At the beginning a MnNi phase and a Cr-rich phase are formed, see Fig. 6a and b and after longer annealing times a FeCo phase could be detected, Fig. 6c. The chronological sequence of these phases can be rationalized by considering their relative diffusivi-ties. The magnitude of the diffusion coefficients of the individual elements in the CoCrFeMnNi alloy was investigated by Tsai et al. [35]. They found a similar ordering of the diffusion coefficients as that of the pure metals [36]. The element that diffuses fastest at a fixed temperature is Mn, which is consistent with the formation of the MnNi phase first. The second phase to form has a very high Cr concentration, which has the next highest diffusion coefficient after Mn. Only after longer annealing times does the FeCo phase form, which consists of elements that have the next highest diffusion coefficients after Mn and Cr. These three new phases together with the primary fcc matrix phase form a multiphase NC microstructure.

Unlike previous work in which this HEA was found to be thermally stable at times up to three days [6], phase decomposition occurs in the SPD-deformed HEA at much shorter times. This can be partly attributed to the chosen annealing temperature regime. The previous microcrystalline samples were processed by cold rolling followed by annealing in a temperature range somewhat above the recrystallization temperature, which is about 800 °C depending on the degree of pre-deformation [37] and in this temperature regime a pure single-phase structure is formed. Zhang et al. [38] used the CALPHAD (Calculation of Phase Diagrams) approach to calculate phase diagrams for such multicomponent alloys and predicted a single-phase fcc-structure for temperatures above 600 °C. In this study a lower temperature regime for annealing was targeted to avoid recrystallization or grain growth, which would otherwise weaken the beneficial effect of grain refinement on strength. Of relevance to the annealing temperature range used in the present study is Zhang et al.'s prediction of a multiphase mixture below 600 °C. For comparison, the microstructures obtained by annealing for 1 h at temperatures above 600 °C are presented in Fig. 9. In contrast to the SPD state and those produced by annealing at 450 °C, substantial grain growth can be observed at higher temperatures. More importantly, another phase or phases were still found after 1-h anneals above 600 °C. As an example the microstructure annealed at 700 °C is presented in Fig. 9a, where second-phase particles (encircled) can be seen. Due to their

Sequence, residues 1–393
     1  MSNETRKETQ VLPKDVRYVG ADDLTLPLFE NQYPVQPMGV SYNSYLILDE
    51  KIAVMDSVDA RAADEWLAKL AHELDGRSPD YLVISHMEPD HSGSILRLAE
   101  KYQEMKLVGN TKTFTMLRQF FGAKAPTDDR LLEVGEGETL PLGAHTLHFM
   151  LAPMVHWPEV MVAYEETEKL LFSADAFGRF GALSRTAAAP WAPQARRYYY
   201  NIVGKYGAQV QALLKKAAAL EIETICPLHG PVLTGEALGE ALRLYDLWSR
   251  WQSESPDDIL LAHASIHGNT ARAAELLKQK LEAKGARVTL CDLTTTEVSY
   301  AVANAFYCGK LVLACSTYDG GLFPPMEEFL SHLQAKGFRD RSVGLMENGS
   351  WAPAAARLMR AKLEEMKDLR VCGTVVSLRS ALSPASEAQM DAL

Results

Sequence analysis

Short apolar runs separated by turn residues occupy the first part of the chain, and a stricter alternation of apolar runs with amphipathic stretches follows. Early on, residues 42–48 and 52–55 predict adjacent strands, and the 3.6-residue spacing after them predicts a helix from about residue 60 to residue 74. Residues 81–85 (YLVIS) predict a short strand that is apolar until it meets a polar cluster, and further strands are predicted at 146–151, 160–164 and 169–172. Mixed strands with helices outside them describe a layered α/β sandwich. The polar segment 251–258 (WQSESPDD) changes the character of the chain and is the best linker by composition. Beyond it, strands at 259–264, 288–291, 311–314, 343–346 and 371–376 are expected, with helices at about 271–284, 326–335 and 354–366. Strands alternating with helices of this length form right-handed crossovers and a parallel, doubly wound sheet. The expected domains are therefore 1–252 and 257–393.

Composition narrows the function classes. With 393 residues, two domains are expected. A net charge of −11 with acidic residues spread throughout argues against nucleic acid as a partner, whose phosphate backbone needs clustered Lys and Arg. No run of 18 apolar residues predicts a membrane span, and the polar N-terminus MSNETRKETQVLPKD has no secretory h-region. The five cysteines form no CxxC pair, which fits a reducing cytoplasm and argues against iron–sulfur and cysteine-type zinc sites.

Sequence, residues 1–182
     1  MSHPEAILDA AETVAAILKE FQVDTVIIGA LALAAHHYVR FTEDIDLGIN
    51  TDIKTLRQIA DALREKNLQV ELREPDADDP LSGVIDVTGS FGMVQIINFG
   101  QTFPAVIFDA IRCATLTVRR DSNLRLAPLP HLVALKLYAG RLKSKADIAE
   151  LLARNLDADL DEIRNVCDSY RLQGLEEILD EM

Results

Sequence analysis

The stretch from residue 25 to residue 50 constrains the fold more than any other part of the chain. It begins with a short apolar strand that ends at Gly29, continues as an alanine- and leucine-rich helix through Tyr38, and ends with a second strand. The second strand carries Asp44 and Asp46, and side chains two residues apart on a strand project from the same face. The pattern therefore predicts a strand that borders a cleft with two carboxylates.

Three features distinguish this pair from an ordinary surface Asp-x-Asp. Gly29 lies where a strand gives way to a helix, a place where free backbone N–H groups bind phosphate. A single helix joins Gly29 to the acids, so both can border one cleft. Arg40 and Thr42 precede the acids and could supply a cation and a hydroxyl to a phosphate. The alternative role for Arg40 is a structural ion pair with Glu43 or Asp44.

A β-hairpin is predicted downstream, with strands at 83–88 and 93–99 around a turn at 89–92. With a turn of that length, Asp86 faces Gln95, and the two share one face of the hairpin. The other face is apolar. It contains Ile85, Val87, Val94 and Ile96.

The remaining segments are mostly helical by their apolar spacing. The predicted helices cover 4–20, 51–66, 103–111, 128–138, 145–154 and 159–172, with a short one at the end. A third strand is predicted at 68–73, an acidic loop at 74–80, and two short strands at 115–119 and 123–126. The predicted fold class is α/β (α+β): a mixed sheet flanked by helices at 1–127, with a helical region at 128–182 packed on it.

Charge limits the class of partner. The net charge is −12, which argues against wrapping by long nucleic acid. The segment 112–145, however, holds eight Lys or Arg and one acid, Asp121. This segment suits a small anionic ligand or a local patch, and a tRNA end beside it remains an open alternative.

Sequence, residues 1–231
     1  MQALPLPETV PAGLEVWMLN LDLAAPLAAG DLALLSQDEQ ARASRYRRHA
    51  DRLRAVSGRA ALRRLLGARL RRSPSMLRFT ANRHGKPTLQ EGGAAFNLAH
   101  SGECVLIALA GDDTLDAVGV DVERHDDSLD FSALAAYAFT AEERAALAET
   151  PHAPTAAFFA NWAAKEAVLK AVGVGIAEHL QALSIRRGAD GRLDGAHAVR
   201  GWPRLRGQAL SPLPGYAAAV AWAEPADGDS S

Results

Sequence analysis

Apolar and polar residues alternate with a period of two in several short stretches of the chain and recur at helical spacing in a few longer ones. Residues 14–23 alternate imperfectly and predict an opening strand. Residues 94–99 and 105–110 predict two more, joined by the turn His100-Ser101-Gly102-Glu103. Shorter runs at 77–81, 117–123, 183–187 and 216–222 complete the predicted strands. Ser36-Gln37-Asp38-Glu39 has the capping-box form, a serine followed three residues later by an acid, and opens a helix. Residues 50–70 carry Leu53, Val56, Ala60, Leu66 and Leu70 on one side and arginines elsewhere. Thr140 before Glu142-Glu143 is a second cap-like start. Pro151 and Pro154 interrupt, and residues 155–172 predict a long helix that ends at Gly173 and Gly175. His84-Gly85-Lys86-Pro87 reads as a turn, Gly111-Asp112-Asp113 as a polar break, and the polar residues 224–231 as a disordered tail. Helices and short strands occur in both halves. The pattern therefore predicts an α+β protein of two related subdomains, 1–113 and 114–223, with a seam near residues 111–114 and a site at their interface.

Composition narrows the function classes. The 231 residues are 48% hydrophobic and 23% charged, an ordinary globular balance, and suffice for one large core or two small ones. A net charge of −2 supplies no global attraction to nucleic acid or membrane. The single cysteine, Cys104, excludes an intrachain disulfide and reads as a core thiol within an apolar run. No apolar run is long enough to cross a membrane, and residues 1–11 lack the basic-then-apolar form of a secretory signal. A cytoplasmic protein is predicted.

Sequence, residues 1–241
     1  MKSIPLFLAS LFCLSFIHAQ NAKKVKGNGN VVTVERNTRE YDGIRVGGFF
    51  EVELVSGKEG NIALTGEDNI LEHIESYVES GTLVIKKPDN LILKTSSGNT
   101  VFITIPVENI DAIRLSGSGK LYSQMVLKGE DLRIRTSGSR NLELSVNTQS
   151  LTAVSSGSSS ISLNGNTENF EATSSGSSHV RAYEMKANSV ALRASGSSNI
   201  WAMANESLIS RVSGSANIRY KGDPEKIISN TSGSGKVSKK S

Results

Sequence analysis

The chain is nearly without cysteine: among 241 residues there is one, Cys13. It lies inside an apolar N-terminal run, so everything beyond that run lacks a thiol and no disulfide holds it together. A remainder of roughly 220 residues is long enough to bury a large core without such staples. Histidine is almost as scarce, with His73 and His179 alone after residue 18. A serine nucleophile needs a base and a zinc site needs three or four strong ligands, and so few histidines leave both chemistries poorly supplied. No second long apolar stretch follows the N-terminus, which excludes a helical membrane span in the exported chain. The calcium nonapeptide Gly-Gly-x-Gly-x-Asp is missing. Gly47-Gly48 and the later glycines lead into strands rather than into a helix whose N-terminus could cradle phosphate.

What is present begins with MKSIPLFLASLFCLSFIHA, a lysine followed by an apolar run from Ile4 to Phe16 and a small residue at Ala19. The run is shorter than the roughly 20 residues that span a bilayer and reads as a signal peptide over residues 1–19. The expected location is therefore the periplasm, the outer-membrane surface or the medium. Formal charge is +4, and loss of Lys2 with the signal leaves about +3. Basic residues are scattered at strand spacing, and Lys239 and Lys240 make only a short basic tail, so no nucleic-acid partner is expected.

Fig. 7. Examples of the microstructures of differently annealed samples and their representative diffraction patterns. (a and b) 5-min anneal, (c and d) 1-h anneal, (e and f) 15-h anneal. Note that for 5-min and 1-h anneals STEM images are shown whereas for the 15-h specimen, due to the strong magnetism of the structure, a conventional bright-field image is presented with a slightly different magnification.

Fig. 8. Results of tensile tests performed in the different annealed states. (a) Examples for annealing treatments performed at the peak temperature for the isochronal treatment. (b) Annealing treatments above the peak temperature.

small size it was not possible to analyze them in the SEM using energy dispersive X-ray spectroscopy. Nevertheless, it is reasonable to assume that they are similar to the phases found by

3D-APT and discussed earlier, Fig. 6. At the higher annealing temperature of 750 °C, they can be clearly seen to be situated at grain boundaries and triple junctions, Fig. 9b. Interestingly, subjecting the material to an even higher annealing temperature of 800 °C for 1 h leads once again to a pure single-phase material, but with a substantially increased grain size of about 10 im, Fig. 9c. This illustrates clearly that similar heat treatments as those used for heavily cold rolled materials [37], which were used to obtain a fully recrystallized structure with microcrystalline grain sizes, produce similar single-phase microstructures.